The Post-Racial Society Recedes Further
When I was growing up (I was born in 1935), there were very few minorities (none in my public school at all and none that I recall in high school) and very little crime of any kind, or at least not enough serious crime (outside of gangster violence) to make the newspapers (there was no TV). One reason may have been the fact that most people were not well off. My family had no worries when I walked through a long stretch of deserted woods and streams between Douglaston and Little Neck in Queens in order to go to the Little Neck movie by myself. I remember being shocked in 1948, when I graduated from public school (an all-white school) and went on a trip with my parents to see Williamsburg, Virginia, the reconstructed colonial town. We went to the railroad station and I needed to use the bathroom, and was stunned and puzzled to see two doors: White and Colored. I hesitated of course, without understanding the significance of this, but went into the white one (where I removed my new watch, a graduation gift, and then left it behind on the sink when I came out so it was stolen).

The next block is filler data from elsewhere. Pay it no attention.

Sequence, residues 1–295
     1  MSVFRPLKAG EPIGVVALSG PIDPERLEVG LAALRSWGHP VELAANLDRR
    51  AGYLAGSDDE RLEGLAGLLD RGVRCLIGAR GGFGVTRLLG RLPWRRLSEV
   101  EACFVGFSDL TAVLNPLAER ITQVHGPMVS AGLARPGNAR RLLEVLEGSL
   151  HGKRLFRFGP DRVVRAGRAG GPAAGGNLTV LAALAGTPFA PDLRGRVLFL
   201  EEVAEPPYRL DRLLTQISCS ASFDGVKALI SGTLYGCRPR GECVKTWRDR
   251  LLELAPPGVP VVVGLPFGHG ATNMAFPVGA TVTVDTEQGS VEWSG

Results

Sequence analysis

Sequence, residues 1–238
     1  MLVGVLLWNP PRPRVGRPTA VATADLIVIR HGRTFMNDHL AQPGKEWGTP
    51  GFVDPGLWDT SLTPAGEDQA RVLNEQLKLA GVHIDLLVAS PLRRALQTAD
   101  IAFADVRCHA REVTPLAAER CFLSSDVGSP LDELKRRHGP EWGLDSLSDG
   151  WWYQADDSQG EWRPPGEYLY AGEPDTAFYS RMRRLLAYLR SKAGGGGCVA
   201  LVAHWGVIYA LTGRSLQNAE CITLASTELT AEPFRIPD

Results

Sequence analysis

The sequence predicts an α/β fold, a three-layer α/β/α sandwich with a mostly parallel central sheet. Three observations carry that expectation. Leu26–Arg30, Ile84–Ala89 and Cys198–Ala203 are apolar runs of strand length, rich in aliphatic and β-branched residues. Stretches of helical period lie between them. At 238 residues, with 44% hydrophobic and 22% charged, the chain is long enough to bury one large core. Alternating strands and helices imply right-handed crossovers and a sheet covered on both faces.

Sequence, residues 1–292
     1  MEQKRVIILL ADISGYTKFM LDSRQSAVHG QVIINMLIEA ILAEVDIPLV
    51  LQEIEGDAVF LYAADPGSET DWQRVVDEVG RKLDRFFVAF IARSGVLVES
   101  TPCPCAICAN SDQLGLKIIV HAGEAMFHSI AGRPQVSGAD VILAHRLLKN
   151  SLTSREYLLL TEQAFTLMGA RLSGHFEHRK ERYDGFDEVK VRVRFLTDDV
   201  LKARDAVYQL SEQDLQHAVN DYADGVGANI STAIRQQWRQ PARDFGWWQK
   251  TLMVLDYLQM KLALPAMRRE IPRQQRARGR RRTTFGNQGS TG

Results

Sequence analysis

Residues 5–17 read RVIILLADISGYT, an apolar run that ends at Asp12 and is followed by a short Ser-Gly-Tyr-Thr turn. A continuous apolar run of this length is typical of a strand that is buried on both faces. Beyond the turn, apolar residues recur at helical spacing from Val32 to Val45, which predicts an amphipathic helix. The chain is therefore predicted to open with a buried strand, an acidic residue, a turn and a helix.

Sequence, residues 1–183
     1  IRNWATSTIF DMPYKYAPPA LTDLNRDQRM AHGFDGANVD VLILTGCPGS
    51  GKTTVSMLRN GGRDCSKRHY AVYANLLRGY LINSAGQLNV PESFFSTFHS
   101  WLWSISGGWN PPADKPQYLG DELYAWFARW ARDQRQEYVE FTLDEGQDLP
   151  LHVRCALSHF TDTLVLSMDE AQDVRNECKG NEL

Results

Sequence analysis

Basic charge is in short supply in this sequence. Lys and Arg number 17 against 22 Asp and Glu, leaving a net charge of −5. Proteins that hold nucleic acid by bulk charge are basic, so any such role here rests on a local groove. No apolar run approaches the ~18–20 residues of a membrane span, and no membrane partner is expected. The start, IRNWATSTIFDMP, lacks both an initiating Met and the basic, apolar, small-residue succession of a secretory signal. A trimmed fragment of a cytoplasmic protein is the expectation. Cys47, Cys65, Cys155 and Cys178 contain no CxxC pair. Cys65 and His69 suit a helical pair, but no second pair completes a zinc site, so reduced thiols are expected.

I never heard anything, even a hint, of any kind of anti-black attitudes in my family. My mother occasionally made snide remarks about the Catholic Church (not about Catholics) though they did have Italian-American friends. We never went to synagogue. None of our family on either side was religious or observant in any way. We had a Christmas tree at Christmas. I hung out mostly with Catholics, occasionally attended mass with them and Wednesday night church socials called”confraternity”, and had no awareness of religion. The only things I knew about Judaism I learned in summer camp, where we were forced to sit through services on Friday night and Saturday morning. Two of my campmates, already atheists at the age of 13, tried to plead illness to get out of the services. I learned lots of Hebrew and Israeli songs by rote and even a few Jewish prayers in Hebrew.